Commission on State Mandates Determined Legislation Created a State-Reimbursable Mandate. The Commission found that Penal Code Section 679.10—as added by Chapter 721—imposes new state-mandated activities and costs on local governments by requiring local governments to complete certification documents within specified deadlines, and to submit annual reports about the certifications to the Legislature. The Commission’s decision makes reimbursable by the state costs incurred by a local government to update policies and procedures, provide training, process requests from victims, complete certification documents for approved requests, and to report to the Legislature. The Commission estimates that the initial claims from local governments for costs incurred by the mandate since 2016 could range between $2.3 million and $3.3 million. Additionally, the Commission estimates that the annual costs to the state to pay this reimbursable state mandate going forward could range between $605,000 and $1.3 million.
Governor Funds Mandate. The Governor’s 2020-21 budget proposes $3.3 million General Fund to reimburse local agencies for the costs they incurred complying with the U-Visa I-918 Form, Victims of Crime: Nonimmigrant Status statute while it was under review by the Commission. Funding the mandate would make local compliance with the above requirements mandatory in 2020-21 and the state responsible for the costs incurred by local governments.
Future Fiscal Effects Difficult to Estimate. Since the enactment of Chapter 721, workload has increased for certain state and local agencies as completion of the certification document is no longer discretionary and annual reporting is now required. Moving forward, it is difficult to determine whether the level of workload and the associated costs will change from where they are now. This is because the level of future workload will primarily depend on the number of victims of crime without legal status that request certification documents, which could be higher or lower to an unknown extent. On the one hand, workload could potentially increase further as more victims request completion of this document. This could happen for various reasons, such as if there is more awareness that Chapter 721 generally eliminates agency discretion on whether to complete the document. On the other hand, it is possible that workload could decline as fewer victims request completion of this document. This could happen for various reasons, such as victims choosing to not participate in the U-Visa program and request the document due to fears that participation may increase chances for deportation under other federal immigration policies.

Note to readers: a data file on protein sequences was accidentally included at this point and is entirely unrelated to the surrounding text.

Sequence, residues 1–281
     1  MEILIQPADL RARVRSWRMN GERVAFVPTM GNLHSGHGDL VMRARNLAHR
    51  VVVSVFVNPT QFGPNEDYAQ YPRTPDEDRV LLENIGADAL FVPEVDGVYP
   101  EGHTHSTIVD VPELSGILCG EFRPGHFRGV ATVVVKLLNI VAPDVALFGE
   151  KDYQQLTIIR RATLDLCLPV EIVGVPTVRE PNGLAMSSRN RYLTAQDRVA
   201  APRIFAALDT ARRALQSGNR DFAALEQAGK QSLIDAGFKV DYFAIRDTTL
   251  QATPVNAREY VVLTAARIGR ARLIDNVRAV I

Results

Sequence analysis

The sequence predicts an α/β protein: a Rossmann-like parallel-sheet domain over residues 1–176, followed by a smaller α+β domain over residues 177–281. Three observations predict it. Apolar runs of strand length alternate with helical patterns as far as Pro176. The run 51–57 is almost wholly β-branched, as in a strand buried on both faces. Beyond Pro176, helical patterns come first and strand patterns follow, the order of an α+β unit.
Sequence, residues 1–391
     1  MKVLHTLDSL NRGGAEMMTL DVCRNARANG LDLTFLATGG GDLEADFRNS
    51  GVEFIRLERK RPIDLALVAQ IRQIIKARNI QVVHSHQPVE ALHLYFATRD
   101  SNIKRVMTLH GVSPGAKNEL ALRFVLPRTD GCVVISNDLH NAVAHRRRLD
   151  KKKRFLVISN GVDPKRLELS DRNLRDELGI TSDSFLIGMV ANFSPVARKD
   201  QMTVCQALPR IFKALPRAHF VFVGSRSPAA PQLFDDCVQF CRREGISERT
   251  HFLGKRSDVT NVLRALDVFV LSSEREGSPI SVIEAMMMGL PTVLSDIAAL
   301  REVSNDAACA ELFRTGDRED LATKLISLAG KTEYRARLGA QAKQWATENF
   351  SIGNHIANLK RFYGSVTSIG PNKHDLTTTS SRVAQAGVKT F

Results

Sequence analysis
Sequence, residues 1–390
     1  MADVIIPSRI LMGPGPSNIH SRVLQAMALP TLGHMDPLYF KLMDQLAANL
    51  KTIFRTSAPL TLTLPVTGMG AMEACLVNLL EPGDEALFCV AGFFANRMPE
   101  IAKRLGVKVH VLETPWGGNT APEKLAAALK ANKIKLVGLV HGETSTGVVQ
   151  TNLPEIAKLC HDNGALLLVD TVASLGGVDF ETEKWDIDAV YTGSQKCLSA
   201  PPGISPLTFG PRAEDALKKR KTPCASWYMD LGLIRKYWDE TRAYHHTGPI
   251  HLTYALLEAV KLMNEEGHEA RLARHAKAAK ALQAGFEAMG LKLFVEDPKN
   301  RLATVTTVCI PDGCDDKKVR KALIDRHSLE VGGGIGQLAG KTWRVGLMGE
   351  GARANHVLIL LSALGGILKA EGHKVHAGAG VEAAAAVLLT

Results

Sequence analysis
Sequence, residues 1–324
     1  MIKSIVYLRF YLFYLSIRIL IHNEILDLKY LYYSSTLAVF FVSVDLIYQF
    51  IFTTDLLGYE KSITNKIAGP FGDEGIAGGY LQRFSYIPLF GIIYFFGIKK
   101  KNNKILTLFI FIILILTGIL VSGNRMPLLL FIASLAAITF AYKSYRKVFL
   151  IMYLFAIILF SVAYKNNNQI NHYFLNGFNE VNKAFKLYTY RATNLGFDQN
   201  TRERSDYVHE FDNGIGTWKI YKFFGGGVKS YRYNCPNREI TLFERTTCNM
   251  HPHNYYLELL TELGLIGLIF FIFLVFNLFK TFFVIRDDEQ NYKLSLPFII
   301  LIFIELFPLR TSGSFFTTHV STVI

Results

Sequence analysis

Candidate for Reasonable Reimbursement Methodology (RRM). The RRM allows for interested parties (such as local governments) to request to be reimbursed for the costs of mandated local activities on per unit basis rather than reimbursing actual costs. This mandate could be a good candidate for RRM because it is primarily administrative in nature. Additionally, an RRM might enhance local government’s compliance with this mandate as it alleviates the administrative burden of tracking and reporting costs. (To learn more about RRM see our March 17, 2016 analysis in The 2016-17 Budget: Local Government Mandates—Reasonable Reimbursement Methodology.)
Fund Mandate. The intent of Chapter 712 was to promote increased victim reporting of crime and cooperation in the investigation and prosecution of crimes. The Commission has found that a local government’s activities related to the completion of the certification document constitute a reimbursable mandate. Given the state’s interest in encouraging individuals to participate in the reporting of crime, we recommend funding this mandate.